One of the most dominant figures in modern chess, Botvinnik not only won the world championship three times, holding the title for a total of 13 years (1948-1957, 1958-1960, 1961-1963), but also singlehandedly revolutionized the way in which chess players studied, played and taught the game.
He introduced the rigorous study of opening theory, in which players would keep notebooks of their opponents' moves and publish analysis of their own games. He encouraged the systematic study of master games from the past and present, in order to learn from the moves they played and the differences between their individual styles. His training program included a strong emphasis on physical fitness, because he understood, ahead of his time, that the immense concentrative effort required in chess tournament play was aided by a healthy body. He also encouraged players to train in different environments, playing games under very short time constraints, in smoky or noisy rooms, and even in swimming pools.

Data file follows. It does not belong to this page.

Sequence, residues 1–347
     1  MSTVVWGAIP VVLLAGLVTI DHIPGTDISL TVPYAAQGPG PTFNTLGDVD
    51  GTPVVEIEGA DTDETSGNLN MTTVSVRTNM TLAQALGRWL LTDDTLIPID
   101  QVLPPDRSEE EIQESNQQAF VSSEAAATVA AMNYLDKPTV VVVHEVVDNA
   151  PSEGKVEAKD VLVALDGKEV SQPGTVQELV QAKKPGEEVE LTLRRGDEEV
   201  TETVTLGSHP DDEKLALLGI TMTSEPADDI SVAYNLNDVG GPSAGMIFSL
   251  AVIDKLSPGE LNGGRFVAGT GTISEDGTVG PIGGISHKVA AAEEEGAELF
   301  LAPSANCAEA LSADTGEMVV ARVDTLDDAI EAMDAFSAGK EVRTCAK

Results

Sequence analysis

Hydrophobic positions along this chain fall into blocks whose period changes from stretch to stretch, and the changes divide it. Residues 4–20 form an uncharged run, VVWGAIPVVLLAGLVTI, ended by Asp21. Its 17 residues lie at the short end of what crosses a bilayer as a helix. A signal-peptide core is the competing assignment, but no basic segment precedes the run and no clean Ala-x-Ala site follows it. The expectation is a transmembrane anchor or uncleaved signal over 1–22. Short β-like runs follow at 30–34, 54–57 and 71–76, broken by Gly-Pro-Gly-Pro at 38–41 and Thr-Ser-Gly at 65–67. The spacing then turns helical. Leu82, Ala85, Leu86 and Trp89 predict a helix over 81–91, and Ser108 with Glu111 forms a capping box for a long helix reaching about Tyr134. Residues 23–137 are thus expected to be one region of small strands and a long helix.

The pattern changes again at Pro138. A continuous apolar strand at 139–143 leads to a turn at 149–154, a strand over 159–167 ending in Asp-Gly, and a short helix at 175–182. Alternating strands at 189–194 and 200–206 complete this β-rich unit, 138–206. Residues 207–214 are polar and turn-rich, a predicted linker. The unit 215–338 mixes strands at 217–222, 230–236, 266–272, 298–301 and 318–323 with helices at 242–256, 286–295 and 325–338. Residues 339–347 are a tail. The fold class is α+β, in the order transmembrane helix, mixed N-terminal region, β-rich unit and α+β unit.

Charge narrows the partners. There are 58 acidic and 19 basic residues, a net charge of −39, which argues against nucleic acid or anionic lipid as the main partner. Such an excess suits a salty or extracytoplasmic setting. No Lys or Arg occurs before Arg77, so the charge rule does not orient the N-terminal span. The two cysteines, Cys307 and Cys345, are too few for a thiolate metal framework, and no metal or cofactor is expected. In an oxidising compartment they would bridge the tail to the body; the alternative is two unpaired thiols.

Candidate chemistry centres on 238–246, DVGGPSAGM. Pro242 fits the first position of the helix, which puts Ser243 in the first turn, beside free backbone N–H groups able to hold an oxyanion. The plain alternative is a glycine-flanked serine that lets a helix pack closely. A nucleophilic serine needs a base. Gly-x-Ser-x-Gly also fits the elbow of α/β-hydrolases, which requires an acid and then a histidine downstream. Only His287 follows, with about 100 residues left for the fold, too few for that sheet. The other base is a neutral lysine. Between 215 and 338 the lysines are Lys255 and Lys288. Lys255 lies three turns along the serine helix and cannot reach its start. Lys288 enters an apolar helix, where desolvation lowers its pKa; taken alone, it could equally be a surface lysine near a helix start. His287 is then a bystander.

Botvinnik's goal was to make the then Soviet Union the dominant force in chess by training an unbeatable group of young grandmasters, who would co-operate and share knowledge in what had previously been a highly individualistic game. Due to his efforts, Soviet or ex-Soviet players have almost monopolised the modern history of chess, culminating in the complete domination of the world chess scene by Garry Kasparov for 20 years from 1985-2005 (Kasparov was a student in one of Botvinnik's own chess schools, and greatly admired his style). A brief interlude, which vastly increased the popularity of chess, was provided by the American Bobby Fischer in the early 1970's when he won the title from Boris Spassky.
Botvinnik himself was not necessarily the best player in the world during the times in which he held the world title, and there were some suggestions that his opponents from the Soviet Union were encouraged to lose to him due to his influential position and political power. He also retained his title on two occasions by drawing with his opponent in number of games won, in which case the rules award the reigning champion the match. However, there is no question that he was also able to win many matches by studying his opponent in great depth, psychologically as well as in chess terms, and playing to their weaknesses.
He died in 1995, aged 84.